The future

Rohan Rajiv made a great point the other day about the story of Moderna.

“Two days after the COVID-19 genetic sequence was released on January 11th, the Moderna vaccine was ready. By the time the first American death from COVID-19 was announced, the vaccine was already manufactured and shipped for its Phase I trial. That vaccine was approved by the FDA today (December 19th). It is a giant leap forward for the Moderna team and for the many scientists and technologists who’ve been championing the potential of biotechnology for over a decade. The future is here.”

Until now, the fastest vaccine ever developed was the Mumps vaccine in four years. The COVID-19 vaccine is already being distributed as this posts and it took a fraction of the time. This pandemic is obviously not over but for many we can imagine a light at the end of the tunnel.

As we close the book to 2020, I just want to thank all of the impresarios making history. Their example has showed us:

When we want to work together, we can solve problems.

I choose to believe (and there is plenty of data to support this) that the future is filled with abundance and the arc bends towards justice. As we look ahead, this won’t be last pandemic we face nor is this the end of a whole slew of challenges that we must face (income inequality, civil injustice, climate change, dark patterns of the internet). And yet…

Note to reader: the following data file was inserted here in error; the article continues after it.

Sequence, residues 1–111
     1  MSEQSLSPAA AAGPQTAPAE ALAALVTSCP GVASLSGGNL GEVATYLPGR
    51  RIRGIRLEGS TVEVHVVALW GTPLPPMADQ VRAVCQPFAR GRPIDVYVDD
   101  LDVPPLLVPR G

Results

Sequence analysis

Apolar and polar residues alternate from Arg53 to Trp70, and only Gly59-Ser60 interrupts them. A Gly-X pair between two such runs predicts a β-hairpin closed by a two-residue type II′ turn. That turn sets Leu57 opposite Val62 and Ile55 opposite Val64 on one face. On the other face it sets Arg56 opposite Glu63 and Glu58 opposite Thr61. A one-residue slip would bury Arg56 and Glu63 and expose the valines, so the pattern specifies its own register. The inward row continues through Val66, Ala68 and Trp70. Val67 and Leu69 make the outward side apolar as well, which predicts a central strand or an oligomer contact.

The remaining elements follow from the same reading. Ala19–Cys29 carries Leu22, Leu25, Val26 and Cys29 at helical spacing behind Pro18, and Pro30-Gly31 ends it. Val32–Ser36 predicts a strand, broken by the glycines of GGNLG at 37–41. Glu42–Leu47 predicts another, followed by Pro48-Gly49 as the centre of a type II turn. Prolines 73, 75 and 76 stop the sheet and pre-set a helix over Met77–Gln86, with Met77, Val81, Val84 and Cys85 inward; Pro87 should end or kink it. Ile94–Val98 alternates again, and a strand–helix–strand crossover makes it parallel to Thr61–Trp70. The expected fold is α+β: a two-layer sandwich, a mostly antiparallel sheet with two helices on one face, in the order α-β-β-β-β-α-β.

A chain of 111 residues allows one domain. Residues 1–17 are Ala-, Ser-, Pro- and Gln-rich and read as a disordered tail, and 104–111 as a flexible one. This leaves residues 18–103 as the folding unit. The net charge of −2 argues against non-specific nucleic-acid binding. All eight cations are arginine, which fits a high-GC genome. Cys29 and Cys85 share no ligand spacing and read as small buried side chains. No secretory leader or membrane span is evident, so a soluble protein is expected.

As time progresses, we also become more efficient at solving problems.

The paradox of ubiquitous

When you have a warm bed, clean drinking water, plenty of food to eat, education, the internet, transportation, it’s easy to forget how much we rely on this stuff when it is so readily available.

Access to abundance causes us to forget that without it our lives are much more difficult.

That is the miracle of capitalism. It has brought so much so fast to the masses. It was only 200 years ago most went without what we enjoy today.

In abundance, we take things for granted. In scarcity, we wish for more.

If you are reading this, you probably have most of the luxuries of this generation. Yet, most of still wish for more. A bigger house, a bigger TV, a better phone because the story we are telling ourselves isn’t one of sufficiency or abundance.

When technology and luxuries are abundant, we seek for scarcity.

What don’t I have?

What do I want?

It’s easy to identify what we want more of and harder to see what we have when we take it for granted.

Everyone tells a story

One of sufficiency or not.

One of possibility or how things are.

If each of us is telling a story about ourselves and the world, then we can tell a better one. Because there is enough evidence to support your worldview. (Regardless of how outlandish it can be.)

If we can improve our story, we can improve our quality of life. Your circumstances don’t even have to change. It’s not like you won the lottery but the difference in perspective is enough to make a difference.

We quit when…

We quit when we are tired.

We quit when we are not in the mood.

We quit when we are out of money.

We quit when it’s convenient.

We quit when there is no end in sight.

We quit when enthusiasm is down.

We quit when we’ve had enough.

We quit when no one expects us to finish.

We quit when the project is too massive to finish.

We quit when we run out of time.

We quit when we run out of motivation.

We quit when we run out of reassurance.

We quit when it gets difficult.